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PG9 Implementation of simulation based trainings among midwifery faculties in Nepal
  1. Asmita Acharya1,2,
  2. Unisha Shrestha1,2,
  3. Rashmi Aradhya3,
  4. Princy Fernando4,
  5. Arpana Kalaunee5
  1. 1Laerdal Global Health , Kathmandu, Nepal
  2. 2Simulation Society of Nepal , Kathmandu, Nepal
  3. 3Laerdal Global Health , Mumbai , India
  4. 4Laerdal Medical India , Chennai , India
  5. 5Gesellschaft Für Internationale Zusammenarbeit, Kathmandu, Nepal

Abstract

Introduction The Government of Nepal has highlighted midwifery education and strengthened midwifery workforce as a key area in the National Health Policy. GIZ and Laerdal partnered together to support the efforts of the government in strengthening the quality of midwifery education through implementation of Simulation Based Education (SBE). Integration of simulation-based learning into midwifery education can counteract the gaps in current teaching methodology [1 , 2]. The interventions focused on strengthening midwifery faculties to improve the quality of midwifery education/workforce and ultimately the quality of care.

Methods The GIZ - Laerdal Project ‘Transforming Maternal and Child Health through Simulation Based Education (SBE) in Nepal’ aims at enhancing midwifery education by integrating SBE into the curricula, establishment of simulation labs at the midwifery universities and training the midwifery faculties. The first Training of Trainers (ToT) was conducted at the National Midwifery Simulation Lab at Dhulikhel Hospital, Kavre. The training program is designed as a 5-day training based on the learner-centric model- The Circle of Learning. The capacity development of the midwifery faculties is also a priority and is ensured through their participation as co-facilitators in the subsequent ToTs that are conducted.

Results A total of 15 midwifery faculties from the midwifery universities participated in the first ToT on SBE conducted in May 2019. It was followed by the subsequent implementation of skills and simulation training at the respective universities. This was the first simulation based training implemented in the country. Subsequently, three other ToTs on SBE were conducted in August, September and November 2019 and further 46 midwifery faculties were trained. The training among midwifery faculty generated interest to learn this methodology among medical doctors from other departments leading to the conduction of an international interprofessional simulation training in the country: first EU Sim Simulation Instructor course conducted in January 2020.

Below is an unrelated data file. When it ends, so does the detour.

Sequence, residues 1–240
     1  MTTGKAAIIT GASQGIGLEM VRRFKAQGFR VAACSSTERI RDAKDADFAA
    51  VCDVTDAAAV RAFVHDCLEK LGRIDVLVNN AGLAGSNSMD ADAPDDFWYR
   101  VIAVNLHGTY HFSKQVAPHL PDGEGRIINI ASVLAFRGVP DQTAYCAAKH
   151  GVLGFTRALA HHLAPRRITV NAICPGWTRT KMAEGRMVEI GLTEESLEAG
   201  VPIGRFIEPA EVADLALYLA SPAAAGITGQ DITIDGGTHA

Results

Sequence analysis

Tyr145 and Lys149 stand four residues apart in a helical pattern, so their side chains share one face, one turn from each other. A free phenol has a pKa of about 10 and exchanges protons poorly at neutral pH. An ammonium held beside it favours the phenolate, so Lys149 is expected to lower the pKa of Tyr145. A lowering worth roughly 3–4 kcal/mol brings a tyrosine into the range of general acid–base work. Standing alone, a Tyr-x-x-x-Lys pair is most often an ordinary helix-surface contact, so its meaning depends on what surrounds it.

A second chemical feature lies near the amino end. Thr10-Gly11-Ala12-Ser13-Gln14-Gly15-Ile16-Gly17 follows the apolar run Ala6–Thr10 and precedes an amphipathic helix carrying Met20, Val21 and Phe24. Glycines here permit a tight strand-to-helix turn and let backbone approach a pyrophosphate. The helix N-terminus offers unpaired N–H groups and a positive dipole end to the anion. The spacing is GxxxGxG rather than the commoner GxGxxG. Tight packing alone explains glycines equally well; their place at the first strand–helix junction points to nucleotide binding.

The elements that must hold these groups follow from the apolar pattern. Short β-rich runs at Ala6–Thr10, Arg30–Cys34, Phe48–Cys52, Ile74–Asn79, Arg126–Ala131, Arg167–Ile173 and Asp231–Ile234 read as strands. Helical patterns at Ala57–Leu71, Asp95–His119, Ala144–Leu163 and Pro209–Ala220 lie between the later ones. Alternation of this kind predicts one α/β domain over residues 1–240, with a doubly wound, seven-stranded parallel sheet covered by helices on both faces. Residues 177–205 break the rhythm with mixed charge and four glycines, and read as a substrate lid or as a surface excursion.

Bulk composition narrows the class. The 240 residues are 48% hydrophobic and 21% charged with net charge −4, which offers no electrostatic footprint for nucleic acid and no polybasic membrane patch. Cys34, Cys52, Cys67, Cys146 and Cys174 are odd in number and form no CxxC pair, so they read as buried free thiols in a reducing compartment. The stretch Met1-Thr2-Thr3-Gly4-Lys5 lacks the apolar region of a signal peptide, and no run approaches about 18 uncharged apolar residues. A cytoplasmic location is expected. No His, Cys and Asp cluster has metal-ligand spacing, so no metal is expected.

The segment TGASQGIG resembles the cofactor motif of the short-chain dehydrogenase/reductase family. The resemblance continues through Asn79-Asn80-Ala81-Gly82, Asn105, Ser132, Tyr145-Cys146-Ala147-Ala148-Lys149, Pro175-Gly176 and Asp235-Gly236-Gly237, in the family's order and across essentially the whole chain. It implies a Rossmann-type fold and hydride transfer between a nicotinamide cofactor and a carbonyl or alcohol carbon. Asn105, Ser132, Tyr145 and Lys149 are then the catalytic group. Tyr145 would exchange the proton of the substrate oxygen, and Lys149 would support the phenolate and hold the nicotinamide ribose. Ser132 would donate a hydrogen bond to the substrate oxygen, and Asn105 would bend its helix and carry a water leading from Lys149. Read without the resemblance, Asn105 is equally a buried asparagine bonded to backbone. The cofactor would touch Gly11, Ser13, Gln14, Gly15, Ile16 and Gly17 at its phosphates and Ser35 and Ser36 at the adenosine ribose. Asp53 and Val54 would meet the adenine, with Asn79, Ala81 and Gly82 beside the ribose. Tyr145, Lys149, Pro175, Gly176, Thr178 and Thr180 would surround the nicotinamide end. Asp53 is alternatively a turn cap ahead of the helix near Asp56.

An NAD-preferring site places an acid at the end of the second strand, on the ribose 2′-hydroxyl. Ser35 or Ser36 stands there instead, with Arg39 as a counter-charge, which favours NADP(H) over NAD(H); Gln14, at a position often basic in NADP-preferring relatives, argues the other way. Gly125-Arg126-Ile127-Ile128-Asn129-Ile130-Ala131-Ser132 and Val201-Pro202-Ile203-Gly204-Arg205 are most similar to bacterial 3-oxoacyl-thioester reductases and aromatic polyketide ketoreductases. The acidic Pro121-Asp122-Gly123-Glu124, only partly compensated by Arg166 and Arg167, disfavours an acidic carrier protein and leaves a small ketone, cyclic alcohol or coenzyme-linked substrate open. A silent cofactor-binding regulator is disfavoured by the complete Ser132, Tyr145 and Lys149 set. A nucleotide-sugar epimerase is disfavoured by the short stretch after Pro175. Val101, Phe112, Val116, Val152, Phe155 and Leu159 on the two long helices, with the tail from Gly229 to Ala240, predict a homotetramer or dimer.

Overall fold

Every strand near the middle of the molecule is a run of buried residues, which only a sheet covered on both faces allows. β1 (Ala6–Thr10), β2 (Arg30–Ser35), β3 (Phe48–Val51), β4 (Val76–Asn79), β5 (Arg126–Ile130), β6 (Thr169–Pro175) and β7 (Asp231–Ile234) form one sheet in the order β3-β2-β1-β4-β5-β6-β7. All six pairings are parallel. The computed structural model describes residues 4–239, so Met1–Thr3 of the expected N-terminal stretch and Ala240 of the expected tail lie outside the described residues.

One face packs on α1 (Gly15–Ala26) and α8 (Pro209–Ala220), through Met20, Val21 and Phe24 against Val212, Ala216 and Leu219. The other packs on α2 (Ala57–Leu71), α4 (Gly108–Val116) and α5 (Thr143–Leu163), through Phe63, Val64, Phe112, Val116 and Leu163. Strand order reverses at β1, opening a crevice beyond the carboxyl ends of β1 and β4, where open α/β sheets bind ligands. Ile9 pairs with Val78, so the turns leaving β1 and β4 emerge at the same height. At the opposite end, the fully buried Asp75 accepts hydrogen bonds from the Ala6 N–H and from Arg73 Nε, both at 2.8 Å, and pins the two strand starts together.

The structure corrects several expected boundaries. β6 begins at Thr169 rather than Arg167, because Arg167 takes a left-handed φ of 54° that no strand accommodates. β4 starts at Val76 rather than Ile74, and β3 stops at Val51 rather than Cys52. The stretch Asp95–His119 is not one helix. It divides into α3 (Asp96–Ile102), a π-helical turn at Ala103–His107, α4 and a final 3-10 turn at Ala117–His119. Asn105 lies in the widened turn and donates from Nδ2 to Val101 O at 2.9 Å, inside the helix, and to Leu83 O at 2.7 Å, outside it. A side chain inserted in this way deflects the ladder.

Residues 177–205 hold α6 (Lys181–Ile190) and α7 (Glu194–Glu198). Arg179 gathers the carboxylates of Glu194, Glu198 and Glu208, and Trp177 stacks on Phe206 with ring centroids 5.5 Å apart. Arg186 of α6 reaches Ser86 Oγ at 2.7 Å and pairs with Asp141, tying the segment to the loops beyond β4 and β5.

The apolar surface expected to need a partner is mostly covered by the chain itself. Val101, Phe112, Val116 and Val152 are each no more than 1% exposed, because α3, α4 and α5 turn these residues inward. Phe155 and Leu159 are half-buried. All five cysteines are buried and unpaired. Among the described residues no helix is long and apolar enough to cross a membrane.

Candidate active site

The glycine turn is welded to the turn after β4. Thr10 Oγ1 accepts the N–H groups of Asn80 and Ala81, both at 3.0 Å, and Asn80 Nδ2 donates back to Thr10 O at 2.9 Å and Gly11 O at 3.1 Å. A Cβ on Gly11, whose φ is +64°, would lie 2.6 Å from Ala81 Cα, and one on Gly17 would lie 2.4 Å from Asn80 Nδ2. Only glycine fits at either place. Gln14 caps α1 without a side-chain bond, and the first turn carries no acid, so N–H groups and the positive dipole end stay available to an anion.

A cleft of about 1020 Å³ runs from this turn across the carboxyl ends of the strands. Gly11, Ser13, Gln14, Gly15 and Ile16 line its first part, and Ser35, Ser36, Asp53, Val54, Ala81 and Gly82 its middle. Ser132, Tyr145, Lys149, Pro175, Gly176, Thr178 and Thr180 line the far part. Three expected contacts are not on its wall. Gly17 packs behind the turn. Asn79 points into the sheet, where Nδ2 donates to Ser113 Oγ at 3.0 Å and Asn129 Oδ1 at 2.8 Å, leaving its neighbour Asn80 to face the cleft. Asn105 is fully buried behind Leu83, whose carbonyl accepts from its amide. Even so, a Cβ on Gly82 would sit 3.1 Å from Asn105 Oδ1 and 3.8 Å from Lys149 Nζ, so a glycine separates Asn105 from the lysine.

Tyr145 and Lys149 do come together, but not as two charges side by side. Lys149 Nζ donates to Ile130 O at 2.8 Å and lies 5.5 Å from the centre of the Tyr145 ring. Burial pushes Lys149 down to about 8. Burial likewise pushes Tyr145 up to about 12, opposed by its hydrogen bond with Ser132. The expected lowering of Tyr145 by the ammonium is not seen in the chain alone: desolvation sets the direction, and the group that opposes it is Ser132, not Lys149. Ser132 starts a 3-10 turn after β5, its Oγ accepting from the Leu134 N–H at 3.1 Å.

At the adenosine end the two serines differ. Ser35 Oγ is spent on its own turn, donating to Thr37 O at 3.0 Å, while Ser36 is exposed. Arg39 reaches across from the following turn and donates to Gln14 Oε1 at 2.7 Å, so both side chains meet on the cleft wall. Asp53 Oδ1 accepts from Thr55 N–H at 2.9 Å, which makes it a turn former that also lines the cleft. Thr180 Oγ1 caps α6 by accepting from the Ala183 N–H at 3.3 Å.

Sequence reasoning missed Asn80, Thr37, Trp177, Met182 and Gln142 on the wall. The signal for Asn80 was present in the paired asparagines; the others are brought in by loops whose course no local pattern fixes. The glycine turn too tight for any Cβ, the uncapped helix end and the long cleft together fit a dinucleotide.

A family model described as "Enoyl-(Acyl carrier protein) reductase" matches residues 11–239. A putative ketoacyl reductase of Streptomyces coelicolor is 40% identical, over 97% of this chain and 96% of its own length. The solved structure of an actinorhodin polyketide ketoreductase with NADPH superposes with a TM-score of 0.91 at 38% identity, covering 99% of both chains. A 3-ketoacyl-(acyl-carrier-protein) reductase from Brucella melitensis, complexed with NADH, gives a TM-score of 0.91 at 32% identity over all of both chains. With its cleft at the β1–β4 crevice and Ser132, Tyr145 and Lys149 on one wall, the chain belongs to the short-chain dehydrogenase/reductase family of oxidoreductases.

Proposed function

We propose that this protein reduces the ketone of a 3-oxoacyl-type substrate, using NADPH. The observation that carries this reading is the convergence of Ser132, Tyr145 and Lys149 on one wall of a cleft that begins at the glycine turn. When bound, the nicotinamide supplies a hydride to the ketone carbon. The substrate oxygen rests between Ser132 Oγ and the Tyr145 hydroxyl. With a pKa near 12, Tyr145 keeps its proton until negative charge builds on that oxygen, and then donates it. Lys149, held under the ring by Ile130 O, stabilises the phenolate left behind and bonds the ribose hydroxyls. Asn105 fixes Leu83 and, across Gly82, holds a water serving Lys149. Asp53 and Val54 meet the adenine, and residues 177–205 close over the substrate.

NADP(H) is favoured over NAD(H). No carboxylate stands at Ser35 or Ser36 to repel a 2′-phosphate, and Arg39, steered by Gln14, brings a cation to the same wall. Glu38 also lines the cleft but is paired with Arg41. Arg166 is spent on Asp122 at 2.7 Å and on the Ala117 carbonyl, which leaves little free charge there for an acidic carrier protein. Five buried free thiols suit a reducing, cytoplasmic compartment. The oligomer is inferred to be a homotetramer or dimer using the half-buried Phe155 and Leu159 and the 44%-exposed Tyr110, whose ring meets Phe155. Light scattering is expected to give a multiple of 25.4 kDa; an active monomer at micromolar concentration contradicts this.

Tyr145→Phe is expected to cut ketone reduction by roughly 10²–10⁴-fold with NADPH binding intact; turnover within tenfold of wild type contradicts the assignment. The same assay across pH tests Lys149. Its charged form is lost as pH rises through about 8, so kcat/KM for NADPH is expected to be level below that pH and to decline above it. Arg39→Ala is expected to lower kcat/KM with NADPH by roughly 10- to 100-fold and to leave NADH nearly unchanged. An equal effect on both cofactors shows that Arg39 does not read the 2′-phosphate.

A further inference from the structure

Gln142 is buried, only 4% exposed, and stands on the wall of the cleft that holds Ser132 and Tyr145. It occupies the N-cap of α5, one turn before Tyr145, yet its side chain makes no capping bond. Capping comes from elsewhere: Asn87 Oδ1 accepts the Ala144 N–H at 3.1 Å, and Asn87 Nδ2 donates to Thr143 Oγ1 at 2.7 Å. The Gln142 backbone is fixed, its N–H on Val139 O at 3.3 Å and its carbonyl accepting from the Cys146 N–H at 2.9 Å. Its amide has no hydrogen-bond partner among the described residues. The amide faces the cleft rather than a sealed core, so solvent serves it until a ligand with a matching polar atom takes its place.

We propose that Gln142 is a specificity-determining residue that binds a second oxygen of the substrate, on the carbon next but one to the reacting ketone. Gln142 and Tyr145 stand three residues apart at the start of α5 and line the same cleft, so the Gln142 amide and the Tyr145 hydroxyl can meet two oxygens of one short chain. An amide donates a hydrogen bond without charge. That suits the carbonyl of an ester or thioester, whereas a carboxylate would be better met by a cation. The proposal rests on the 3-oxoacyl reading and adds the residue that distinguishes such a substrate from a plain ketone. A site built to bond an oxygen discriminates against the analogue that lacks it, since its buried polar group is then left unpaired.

Discussion There is evidence that simulated learning of midwifery skills is beneficial. Simulation learning has an educational and clinical impact [3] as it affords opportunities to address multiple domains of learning and performance.4 Professional organisations have acknowledged the need for developing faculty to use simulation as an effective teaching/learning tool.

Conclusion Simulation based learning can enhance the quality of midwifery education. Faculty development programs are important for successful implementation.

References

  1. McGaghie WC, Issenberg SB, Cohen MER, Barsuk JH, Wayne DB. Does simulation-based medical education with deliberate practice yield better results than traditional clinical education? A meta-analytic comparative review of the evidence. Academic medicine: journal of the Association of American Medical Colleges 2011;86(6):706.

  2. World Health Organization, Regional Office for Europe. Simulation in nursing and midwifery education. 2018.

  3. Simon Cooper, Robyn CantJoPorter, Fiona Bogosiian, Losa McKenna, SusannahBrady, StephanieFox-Young. Simulation based learning in midwifery education: A systematic review. Women and Birth 2013;25(2):64–78

  4. Anthony Lathrop, Barbara Winningham, Leoba VandeVusse, Simulation based learning for midwives: background and pilot implementation. 2010;52(5):492–498

  • Simulation-Based Education
  • midwifery education
  • faculty development training.

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